D-Man Posted Jun 7, 2007 6:28 AM PST
Hi DukeDallas,

I Agree. The PEARL rock! Even in its plain-vanilla, out-of-the-box form. One big plus with PEARL is that because the SXRD is based on inorganic material it would have an outstanding durability. And unlike DLP, which consists of moving parts, SXRD wouldn't suffer from imminent mechanical failure due to wear-n-tear. So u can keep using PEARL and make incremental upgrades slowly down the line, instead of constantly swapping for a new unit (without making signifant improvements). It is very reassuring to know that the "potential" is there to develop the performance of PEARL (when you so desire to do so), to rival the impact provided from a 4K Commercial Cinema projection system (actually PEARL setup might be slightly better here, considering its 1:15,000 contrast ratio and the distance you'll be viewing the unit. I typically sit 1H-1.5H from screen).

The short answer your question is NO, I don't have any affiliation with any of those companies mentioned. However, I do work in an industry which offers excellent tax incentives for acquiring ALL those mentioned items. This also includes the PEARL unit. It is somewhat unfortunate that in our industry that we have to spend before we can make any savings...does this make sense!?

Regarding the Crystalio unit, I first came across this unit at the BARCO agent. They were using the highly priced Faroudja Line scaler for demo for years. And due to BARCO's quality, they won't settle for anything but the best so I know that whatever they are using must be cutting-edge stuff...until one day, they introduced the Crystalio in their demo setup. With one view of the Crystalio-II picture, I am completely hooked...there is no turning back. The SDI mod which the BARCO agent was using together with the Crystalio unit probably also contributed greatly to its stella performance. It is indeed "Out Of The World"!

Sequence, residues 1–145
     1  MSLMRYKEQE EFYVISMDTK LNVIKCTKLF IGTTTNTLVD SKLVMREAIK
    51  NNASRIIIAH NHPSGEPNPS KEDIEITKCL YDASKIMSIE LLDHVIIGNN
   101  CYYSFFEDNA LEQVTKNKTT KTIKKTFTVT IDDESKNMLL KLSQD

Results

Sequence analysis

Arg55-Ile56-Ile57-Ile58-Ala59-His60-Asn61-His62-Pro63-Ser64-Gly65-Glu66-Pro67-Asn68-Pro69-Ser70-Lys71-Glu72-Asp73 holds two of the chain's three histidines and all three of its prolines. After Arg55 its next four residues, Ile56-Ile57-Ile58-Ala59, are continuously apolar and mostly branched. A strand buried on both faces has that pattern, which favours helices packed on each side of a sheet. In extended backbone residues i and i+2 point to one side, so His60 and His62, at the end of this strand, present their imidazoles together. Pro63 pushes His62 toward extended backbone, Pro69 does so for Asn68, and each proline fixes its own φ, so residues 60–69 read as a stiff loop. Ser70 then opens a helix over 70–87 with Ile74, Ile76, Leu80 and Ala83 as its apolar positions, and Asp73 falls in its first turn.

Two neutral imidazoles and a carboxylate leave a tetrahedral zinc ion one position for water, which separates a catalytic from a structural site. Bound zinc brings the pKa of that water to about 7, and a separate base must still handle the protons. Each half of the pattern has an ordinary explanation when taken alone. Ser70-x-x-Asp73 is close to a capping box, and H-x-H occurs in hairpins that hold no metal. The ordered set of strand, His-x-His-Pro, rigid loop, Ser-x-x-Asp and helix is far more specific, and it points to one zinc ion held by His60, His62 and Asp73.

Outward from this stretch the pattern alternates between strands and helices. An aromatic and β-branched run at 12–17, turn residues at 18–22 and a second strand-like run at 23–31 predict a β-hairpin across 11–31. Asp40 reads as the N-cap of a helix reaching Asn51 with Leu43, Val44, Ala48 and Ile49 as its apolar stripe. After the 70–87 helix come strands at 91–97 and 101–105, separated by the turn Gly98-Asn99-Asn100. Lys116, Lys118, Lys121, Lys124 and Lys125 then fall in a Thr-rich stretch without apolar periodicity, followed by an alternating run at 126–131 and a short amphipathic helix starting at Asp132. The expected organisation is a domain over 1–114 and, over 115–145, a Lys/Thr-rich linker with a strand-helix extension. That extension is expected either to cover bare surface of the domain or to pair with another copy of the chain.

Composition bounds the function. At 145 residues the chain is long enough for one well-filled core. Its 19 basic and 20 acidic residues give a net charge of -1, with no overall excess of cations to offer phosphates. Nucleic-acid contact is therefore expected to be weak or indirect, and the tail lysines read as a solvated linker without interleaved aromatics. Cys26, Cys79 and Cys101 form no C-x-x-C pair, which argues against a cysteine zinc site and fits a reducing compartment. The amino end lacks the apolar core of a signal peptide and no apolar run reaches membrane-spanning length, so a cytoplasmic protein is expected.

With regards to the Optical HDMI. This was an outcome from my relentless research made, out of sheer frustation I had with copper-based HDMI cable. At one stage, I was offered an option to go with a optical fibre DVI cable (another brand). However, this design is not self-powered and does not support HDMI after doing more research into what many Broadcast comapanies uses, I found this manufacturer. Pricing is certainly not cheap because they normally do commercial setup, yet when compared to other more exotic high-end cable, it is actually very reasonable. The reassuring fact is that it is currently best technology money can buy...this is why so many telecommunication and Broadcast companies are relying on their technology.

I trust that you will fully enjoy your investment in the PEARL unit for year to come, because I know I am (and will be). Hopefully as HID and UHP technology matures over time, we get even better and more reliable light sources for our PEARL units. Another interesting technology front is the rapid development of the high-intensity LEDs (Philps LUXEON). It would be interesting to see how soon they can bring out the 1,000lumen LED! Because with this brightness, one can easy build a small (3*3 or 4*4) array to replace the UHP light source, whilst saving on energy and achieving even better colour saturation (not that I am complaining about PEARL's performance) :)

Happy viewing!
chans Posted Jun 7, 2007 4:38 PM PST
D-man, this is good info.

how difficult is it to make the modification to the DVD player?

so what kind of BNC cable did you use between the DVD player and the Crystalio? or does that matter?
D-Man Posted Jun 8, 2007 3:46 AM PST
Chans, if you have decent soldering skills, and have done so to a PCB that is based on surface mount technology (SMT), then the estimated effort will be approx 2 hours all up. It is way more economical to do the SDI-mod yourself :)

Actually the prep-work takes the longest, around 1.5 hrs. This covers preparing the drill out for the BNC plug, stripping and pre-conditioning the leads with TEFLON wrap, regrouping the data wire leads into 2 flat and sequenced groups (taking into consideration how they can best approach the soldering points sideways, with least strain imposed on the soldering joints), have the clock leads rearranged in twisted-wire pair...etc. If u plan the approach really well, it will make the actual soldering job a lot easier. U can probably complete the actual soldering in 30 mins. Do take into consideration the thermal expansion effect after the soldering job is done (esp if u have took some measure to secure the ribbon cable down at certain points) and perform break-in run for a couple of hours (with cover on)...sometimes the solder joints may break loose after the cable has been expanded. Best to be sure.